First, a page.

PMCID: PMC2892721  PMID: 15384067
neurotrophins; glutamate; GABA; synaptogenesis
9.  Evidence for a modifier of onset age in Huntington disease linked to the HD gene in 4p16 
Neurogenetics  2004;5(2):109-114.
Huntington disease (HD) is a neurodegenerative disorder caused by the abnormal expansion of CAG repeats in the HD gene on chromosome 4p16.3. A recent genome scan for genetic modifiers of age at onset of motor symptoms (AO) in HD suggests that one modifier may reside in the region close to the HD gene itself. We used data from 535 HD participants of the New England Huntington cohort and the HD MAPS cohort to assess whether AO was influenced by any of the three markers in the 4p16 region: MSX1 (Drosophila homeo box homologue 1, formerly known as homeo box 7, HOX7), Δ2642 (within the HD coding sequence), and BJ56 (D4S127). Suggestive evidence for an association was seen between MSX1 alleles and AO, after adjustment for normal CAG repeat, expanded repeat, and their product term (model P value 0.079). Of the variance of AO that was not accounted for by HD and normal CAG repeats, 0.8% could be attributed to the MSX1 genotype. Individuals with MSX1 genotype 3/3 tended to have younger AO. No association was found between Δ2642 (P=0.44) and BJ56 (P=0.73) and AO. This study supports previous studies suggesting that there may be a significant genetic modifier for AO in HD in the 4p16 region. Furthermore, the modifier may be present on both HD and normal chromosomes bearing the 3 allele of the MSX1 marker.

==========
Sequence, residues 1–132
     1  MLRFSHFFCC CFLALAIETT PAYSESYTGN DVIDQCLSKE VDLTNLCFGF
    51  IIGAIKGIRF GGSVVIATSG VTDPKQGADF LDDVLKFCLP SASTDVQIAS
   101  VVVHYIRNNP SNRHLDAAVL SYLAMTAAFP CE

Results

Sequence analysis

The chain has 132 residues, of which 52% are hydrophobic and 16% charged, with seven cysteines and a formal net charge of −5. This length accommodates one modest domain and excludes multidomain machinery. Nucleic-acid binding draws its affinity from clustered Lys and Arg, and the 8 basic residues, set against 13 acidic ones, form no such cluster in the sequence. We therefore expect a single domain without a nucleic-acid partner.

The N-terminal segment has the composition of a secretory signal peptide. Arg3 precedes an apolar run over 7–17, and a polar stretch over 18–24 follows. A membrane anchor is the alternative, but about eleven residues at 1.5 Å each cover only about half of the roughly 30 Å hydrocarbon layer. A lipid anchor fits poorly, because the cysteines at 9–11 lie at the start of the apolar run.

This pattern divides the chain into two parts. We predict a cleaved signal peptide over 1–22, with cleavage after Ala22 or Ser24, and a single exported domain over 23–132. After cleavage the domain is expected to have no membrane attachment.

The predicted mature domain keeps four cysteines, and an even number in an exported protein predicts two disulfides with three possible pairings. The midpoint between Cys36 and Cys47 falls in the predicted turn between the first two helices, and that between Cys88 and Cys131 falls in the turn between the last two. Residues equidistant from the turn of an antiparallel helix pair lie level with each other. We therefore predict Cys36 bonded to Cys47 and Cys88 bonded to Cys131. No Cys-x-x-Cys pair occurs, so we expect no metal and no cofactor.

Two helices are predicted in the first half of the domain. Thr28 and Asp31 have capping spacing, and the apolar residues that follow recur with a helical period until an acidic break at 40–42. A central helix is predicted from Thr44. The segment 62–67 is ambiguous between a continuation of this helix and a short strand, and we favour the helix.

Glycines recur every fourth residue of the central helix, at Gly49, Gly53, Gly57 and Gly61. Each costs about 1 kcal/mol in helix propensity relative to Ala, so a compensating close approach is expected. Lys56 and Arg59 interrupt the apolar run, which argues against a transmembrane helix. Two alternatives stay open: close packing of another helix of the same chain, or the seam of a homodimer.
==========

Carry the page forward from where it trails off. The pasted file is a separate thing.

PMCID: PMC1866166  PMID: 15029481
Huntington disease; Modifier; Onset age; Genetics; Trinucleotide repeat; HD gene
10.  Genome-wide significance for a modifier of age at neurological onset in Huntington's Disease at 6q23-24: the HD MAPS study 
BMC Medical Genetics  2006;7:71.
Age at onset of Huntington's disease (HD) is correlated with the size of the abnormal CAG repeat expansion in the HD gene; however, several studies have indicated that other genetic factors also contribute to the variability in HD age at onset. To identify modifier genes, we recently reported a whole-genome scan in a sample of 629 affected sibling pairs from 295 pedigrees, in which six genomic regions provided suggestive evidence for quantitative trait loci (QTL), modifying age at onset in HD.